Jim Sinclair writes:
Reports on Cyprus are more the imagination of the reporters
I believe Cyprus is the defining moment whereby the physical market for gold overtakes the paper market for gold as the arbiter of price. When that occurred in 1979 the price of gold began its move to seek its maximum valuation.
Every article written on Cyprus carries the statement of huge percentages to be lost by depositors carefully using the words may, could, or some similar disclaimer. The published statement by the Dutch Minister of Finance who is captain of this initiative was that there would be no particulars until mid April. Simply put, the official EU statement set out broad goals without any specifics. This means that nothing has yet happened in Cyprus to a major deposit holder other than their inability now to access whatever funds they have left in their accounts.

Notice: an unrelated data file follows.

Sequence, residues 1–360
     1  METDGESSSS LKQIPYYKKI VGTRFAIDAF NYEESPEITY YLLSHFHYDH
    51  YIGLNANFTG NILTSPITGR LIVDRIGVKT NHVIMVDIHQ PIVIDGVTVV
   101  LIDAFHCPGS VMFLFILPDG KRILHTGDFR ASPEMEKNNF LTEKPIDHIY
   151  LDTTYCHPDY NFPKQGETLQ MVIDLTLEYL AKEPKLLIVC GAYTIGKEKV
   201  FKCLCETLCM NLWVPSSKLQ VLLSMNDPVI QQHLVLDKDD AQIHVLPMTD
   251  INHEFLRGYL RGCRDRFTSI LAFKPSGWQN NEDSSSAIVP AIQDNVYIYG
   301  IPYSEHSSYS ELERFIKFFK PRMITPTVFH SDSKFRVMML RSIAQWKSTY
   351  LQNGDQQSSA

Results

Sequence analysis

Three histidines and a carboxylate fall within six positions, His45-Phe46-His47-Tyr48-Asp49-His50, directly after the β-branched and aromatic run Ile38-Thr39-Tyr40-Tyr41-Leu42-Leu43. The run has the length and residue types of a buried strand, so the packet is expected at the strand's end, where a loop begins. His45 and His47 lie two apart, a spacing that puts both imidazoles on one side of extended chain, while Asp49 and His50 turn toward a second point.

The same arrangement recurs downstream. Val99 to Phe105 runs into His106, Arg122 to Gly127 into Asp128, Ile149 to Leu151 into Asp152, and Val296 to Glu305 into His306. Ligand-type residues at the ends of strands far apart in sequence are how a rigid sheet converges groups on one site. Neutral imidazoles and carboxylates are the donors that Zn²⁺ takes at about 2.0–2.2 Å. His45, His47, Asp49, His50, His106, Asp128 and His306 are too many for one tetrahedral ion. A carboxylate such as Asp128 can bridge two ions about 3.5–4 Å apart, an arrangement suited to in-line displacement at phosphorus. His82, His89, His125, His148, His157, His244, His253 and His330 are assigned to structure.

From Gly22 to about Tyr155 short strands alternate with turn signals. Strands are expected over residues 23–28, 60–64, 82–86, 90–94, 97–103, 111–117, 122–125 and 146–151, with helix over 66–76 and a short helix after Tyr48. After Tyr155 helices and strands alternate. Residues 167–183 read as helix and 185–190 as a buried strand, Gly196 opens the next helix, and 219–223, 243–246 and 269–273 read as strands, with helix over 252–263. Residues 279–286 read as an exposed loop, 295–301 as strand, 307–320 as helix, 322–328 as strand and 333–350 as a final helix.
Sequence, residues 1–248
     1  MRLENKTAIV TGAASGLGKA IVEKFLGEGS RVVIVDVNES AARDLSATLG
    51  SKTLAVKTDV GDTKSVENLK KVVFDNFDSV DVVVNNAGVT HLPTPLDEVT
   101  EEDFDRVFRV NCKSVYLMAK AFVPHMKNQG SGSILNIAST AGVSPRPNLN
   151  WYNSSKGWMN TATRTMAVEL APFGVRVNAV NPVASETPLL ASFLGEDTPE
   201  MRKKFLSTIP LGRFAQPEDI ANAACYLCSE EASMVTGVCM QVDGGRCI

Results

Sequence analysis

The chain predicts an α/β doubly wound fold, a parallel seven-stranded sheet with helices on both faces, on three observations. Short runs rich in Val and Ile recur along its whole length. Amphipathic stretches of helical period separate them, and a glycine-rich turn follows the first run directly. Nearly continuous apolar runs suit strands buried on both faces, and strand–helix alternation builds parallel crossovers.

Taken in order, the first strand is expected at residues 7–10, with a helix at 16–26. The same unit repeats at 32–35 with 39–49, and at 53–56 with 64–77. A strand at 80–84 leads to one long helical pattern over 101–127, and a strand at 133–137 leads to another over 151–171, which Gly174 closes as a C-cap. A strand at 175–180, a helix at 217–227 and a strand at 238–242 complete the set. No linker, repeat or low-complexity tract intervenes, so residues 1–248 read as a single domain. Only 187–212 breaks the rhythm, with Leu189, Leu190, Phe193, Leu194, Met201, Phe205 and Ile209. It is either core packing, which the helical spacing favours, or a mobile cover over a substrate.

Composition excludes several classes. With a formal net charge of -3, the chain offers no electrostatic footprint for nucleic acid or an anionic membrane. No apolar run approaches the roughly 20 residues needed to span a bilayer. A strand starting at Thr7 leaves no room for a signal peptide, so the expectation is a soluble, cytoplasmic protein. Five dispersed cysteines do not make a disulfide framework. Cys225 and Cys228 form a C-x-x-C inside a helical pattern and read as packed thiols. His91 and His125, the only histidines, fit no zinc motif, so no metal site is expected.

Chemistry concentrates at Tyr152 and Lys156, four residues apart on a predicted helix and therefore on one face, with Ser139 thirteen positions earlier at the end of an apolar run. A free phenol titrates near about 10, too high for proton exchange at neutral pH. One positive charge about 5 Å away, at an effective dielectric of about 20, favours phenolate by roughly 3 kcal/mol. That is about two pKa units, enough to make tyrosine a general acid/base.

Lets look at how a bank fails. We need to remember that this is a tax haven. Normally in a tax haven the depositors are hostages as they are usually unlikely to make a public legal claim for their secret funds. Management in a tax haven historically feel they had more leeway in how they might conduct themselves compared to a regulated entity in the USA, EU, GB, Switzerland or elsewhere. Deposits are looked at as the means for making banks money in many dicier ways than generally accepted. The entire worldwide banking system from 1991 to 2009 gambled in OTC derivatives as well as every market everywhere with disastrous results industry wide. It is reasonable to assume that the banks in Cyprus, like other banks elsewhere, lost their capital and beyond. That means the accounts held above the insurance level have already been significantly reduced by the losses the banks took in all areas of their business. The bank statements to their depositors have been cartoons. Up until now the bank rescues have made the depositors ...